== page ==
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Storage Aggregation for Performance and Availability: The Path from Physical RAID to Virtual Objects
Wednesday, November 17, 2004
Building 3 Auditorium - 3:30 PM
(Refreshments at 3:00 PM)
Dr. Garth Gibson, will talk about Storage Aggregation for Performance and Availability: The Path from Physical RAID to Virtual Objects. Almost two decades ago, Dr. Garth Gibson characterized five ways that multiple small disks could be used to "virtualize" a single large disk for better cost-performance and availability. Called the five levels of Redundant Arrays of Inexpensive Disks (RAID), this work started him on a career of storage systems research. Years later, with the advent of packetized SCSI over Fibrechannel networks, it became clear to him that disks would come out from behind servers and become first class citizens on a variety of networks, increasing parallelism, addressable storage, and the variety of fault domains. Beginning as Network Attached Secure Disks (NASD) and evolving into Object Storage Devices (OSD), such devices virtualize storage extents, encapsulating layout of variable length related data with extensible attributes and per-object access control enforced in each device. Now almost ten years of research has been done in multiple institutions, Garth has turned to commercializing the concepts in the Panasas Storage Cluster and others have completed the first round of standardization.
In this talk Garth will review the principles of RAID and object storage and discuss how Panasas combines RAID and object storage into a new level of storage virtualization enabling advances in high performance and high availability.
Garth Gibson is co-founder and Chief Technology Officer at Panasas Inc. and an associate professor of Computer Science and Electrical and Computer Engineering at Carnegie Mellon University. Garth received a Ph.D. in Computer Science from the University of California at Berkeley in 1991. While at Berkeley, he did the groundwork research and co-wrote the seminal paper on RAID, then Redundant Arrays of Inexpensive Disks, for which he received the 1999 IEEE Reynold B. Johnson Information Storage Award for outstanding contributions in the field of information storage. Joining the faculty at Carnegie Mellon University in 1991, Garth founded the CMU's Parallel Data Laboratory and the Network Attached Storage Device (NASD) working group of the National Storage Industry Consortium (NSIC). His NASD research with CMU and NSIC is a basis for the Storage Networking Industry Association's Object-based Storage Devices (OSD) technical working group, and its sister ANSI T10 OSD working group. Garth sits on a variety of academic and industrial service committees including the Technical Council of the Storage Networking Industry Association and the steering committee of the USENIX Conference on File and Storage Technologies (FAST).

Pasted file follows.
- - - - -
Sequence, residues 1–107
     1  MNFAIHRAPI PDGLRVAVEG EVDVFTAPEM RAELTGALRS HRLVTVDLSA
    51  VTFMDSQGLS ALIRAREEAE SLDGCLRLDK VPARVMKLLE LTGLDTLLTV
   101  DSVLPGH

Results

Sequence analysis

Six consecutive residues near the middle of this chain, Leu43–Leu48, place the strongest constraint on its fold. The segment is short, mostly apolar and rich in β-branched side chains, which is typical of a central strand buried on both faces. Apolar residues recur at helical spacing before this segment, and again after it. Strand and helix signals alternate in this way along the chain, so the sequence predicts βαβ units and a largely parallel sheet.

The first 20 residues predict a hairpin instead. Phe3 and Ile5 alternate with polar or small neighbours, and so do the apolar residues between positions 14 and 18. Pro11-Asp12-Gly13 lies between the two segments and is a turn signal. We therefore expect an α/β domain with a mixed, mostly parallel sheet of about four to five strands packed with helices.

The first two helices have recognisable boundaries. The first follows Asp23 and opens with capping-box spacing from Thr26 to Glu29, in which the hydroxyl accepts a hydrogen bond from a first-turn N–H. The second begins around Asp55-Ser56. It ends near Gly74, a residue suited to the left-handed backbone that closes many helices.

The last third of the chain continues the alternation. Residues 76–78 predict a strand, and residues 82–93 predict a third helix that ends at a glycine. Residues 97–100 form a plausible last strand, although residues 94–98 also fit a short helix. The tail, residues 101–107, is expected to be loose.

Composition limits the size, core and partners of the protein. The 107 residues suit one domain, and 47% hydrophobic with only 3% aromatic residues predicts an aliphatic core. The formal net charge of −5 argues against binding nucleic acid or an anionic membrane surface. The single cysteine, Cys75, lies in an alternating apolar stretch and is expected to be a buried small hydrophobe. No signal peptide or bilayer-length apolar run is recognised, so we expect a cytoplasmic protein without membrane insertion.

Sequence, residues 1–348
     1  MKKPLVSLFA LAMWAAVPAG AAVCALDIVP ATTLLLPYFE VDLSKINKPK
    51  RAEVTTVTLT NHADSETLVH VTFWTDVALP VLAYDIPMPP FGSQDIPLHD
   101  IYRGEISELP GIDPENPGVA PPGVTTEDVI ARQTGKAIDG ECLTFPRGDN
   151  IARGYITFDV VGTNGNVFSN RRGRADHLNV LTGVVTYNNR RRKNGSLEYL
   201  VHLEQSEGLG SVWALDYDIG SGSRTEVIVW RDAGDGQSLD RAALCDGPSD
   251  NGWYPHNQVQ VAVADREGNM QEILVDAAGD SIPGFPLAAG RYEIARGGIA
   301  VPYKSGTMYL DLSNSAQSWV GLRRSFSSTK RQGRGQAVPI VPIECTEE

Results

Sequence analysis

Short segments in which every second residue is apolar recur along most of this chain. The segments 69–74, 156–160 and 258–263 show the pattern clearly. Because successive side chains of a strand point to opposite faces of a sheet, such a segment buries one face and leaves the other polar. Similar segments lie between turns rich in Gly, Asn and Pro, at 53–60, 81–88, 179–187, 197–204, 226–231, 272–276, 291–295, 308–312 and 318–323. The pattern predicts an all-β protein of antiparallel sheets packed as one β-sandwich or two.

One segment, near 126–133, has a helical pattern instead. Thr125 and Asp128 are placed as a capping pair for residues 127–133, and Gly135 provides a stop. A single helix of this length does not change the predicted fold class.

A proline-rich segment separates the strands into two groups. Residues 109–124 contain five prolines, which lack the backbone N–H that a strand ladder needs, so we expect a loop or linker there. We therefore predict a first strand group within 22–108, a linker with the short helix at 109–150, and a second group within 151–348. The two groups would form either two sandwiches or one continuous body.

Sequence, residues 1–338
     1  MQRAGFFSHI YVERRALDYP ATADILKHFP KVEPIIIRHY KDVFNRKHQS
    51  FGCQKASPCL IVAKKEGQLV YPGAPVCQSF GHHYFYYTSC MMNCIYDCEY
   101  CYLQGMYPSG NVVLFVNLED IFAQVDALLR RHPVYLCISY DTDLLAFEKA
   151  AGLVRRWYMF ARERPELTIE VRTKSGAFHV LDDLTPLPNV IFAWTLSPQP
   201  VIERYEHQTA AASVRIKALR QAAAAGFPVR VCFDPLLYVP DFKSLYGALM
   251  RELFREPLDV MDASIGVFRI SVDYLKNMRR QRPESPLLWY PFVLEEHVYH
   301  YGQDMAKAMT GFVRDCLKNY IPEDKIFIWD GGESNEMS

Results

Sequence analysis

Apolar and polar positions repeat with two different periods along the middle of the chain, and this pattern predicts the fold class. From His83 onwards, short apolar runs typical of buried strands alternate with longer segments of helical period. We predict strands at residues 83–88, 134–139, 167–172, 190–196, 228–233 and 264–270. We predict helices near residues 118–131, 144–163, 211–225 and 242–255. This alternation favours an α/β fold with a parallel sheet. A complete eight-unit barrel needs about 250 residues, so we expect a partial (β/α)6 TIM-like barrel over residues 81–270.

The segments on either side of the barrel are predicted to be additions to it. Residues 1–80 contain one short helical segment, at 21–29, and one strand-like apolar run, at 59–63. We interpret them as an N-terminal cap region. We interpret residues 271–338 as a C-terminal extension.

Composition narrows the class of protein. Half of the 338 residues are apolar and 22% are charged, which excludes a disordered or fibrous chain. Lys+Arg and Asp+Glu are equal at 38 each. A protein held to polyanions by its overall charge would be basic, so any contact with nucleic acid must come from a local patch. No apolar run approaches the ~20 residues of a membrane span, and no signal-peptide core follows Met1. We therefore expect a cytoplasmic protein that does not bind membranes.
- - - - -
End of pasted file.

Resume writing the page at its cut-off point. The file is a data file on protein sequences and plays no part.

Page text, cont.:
IS&T Colloquium Committee Host: Ben Kobler